Cyclists travel on the road on a hazy day in Huaibei, in central China’s Anhui province Monday Jan. 14, 2013. Air pollution is a major problem in China due to the country’s rapid pace of industrialization, reliance on coal power, explosive growth in car ownership and disregard for environmental laws. (AP Photo) CHINA OUT
BEIJING (AP) — One of Beijing’s worst rounds of air pollution kept schoolchildren indoors and sent coughing residents to hospitals Monday, but this time something was different about the murky haze: the government’s transparency in talking about it.
While welcomed by residents and environmentalists, Beijing’s new openness about smog also put more pressure on the government to address underlying causes, including a lag in efforts to expand Western-style emissions limits to all of the vehicles in Beijing’s notoriously thick traffic.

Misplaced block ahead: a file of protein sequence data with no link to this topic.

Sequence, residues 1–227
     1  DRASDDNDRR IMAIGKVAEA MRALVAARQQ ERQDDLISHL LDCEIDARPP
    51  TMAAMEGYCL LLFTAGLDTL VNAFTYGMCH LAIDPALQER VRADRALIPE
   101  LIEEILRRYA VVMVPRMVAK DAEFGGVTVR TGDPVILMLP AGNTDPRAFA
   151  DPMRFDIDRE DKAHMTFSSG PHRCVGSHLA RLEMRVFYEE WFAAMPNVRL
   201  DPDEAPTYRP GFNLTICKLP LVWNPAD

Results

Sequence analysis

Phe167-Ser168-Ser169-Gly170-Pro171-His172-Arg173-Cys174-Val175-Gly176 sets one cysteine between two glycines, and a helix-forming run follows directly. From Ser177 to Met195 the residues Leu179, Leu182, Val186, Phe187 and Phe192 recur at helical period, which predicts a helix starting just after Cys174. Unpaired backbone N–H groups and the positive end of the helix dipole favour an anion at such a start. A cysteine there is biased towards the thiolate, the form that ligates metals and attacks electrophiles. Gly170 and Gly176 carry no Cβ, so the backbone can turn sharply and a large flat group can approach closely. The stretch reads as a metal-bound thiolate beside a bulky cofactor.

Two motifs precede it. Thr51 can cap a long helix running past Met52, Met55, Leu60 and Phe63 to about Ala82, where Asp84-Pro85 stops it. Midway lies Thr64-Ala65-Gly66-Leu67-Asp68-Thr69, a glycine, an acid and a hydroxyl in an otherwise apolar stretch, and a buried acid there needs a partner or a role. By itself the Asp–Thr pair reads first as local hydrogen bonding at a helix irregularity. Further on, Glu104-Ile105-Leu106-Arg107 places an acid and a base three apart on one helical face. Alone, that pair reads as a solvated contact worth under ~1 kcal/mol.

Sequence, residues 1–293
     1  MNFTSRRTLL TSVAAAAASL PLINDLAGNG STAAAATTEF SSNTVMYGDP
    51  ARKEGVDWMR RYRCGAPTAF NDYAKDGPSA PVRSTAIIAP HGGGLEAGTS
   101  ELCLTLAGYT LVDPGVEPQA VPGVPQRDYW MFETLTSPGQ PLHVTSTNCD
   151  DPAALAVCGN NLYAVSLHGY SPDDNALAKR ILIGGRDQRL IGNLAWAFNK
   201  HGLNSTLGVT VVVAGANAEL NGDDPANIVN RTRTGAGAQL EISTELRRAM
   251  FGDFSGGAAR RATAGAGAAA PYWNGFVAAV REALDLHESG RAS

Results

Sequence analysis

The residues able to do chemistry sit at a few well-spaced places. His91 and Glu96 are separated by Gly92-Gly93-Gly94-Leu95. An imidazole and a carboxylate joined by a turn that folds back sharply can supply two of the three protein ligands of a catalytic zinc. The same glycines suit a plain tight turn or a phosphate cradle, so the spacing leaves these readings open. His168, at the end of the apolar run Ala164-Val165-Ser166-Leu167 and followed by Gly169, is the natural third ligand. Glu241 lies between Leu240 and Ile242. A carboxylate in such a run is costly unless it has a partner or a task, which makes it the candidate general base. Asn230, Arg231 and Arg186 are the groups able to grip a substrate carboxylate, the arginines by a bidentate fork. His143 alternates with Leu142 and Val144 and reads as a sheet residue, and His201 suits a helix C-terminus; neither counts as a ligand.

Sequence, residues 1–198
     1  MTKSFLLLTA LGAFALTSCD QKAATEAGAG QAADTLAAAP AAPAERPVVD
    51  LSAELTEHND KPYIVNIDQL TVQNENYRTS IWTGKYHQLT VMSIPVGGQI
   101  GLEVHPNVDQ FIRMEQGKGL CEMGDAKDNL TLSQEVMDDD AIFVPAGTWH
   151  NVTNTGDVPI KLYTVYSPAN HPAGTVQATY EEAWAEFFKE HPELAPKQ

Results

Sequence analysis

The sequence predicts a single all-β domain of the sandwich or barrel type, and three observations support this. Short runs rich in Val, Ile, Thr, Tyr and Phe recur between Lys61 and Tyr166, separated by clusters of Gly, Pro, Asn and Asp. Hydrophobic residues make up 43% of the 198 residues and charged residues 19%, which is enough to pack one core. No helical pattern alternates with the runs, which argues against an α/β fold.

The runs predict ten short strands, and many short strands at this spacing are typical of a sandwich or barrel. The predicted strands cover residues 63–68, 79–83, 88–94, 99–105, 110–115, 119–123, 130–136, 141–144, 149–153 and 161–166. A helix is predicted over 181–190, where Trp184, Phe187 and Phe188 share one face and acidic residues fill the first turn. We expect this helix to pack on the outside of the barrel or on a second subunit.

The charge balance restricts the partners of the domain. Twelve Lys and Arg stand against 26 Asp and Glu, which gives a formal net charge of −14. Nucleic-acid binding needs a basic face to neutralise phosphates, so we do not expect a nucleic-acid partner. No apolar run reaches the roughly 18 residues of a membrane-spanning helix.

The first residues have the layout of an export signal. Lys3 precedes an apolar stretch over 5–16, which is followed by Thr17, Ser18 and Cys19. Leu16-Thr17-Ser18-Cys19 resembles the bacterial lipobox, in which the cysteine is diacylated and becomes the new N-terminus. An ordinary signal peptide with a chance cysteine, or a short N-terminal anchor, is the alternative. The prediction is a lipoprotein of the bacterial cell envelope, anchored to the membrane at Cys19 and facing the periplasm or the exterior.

“Really awful. Extremely awful,” Beijing office worker Cindy Lu said of the haze as she walked along a downtown sidewalk. But she added: “Now that we have better information, we know how bad things really are and can protect ourselves and decide whether we want to go out.”
“Before, you just saw the air was bad but didn’t know how bad it really was,” she said.
Even state-run media gave the smog remarkably critical and prominent play. “More suffocating than the haze is the weakness in response,” read the headline of a front-page commentary by the Communist Party-run China Youth Daily.
Government officials — who have played down past periods of heavy smog — held news conferences and posted messages on microblogs discussing the pollution.
The wave of pollution peaked Saturday with off-the-charts levels that shrouded Beijing’s Login to read more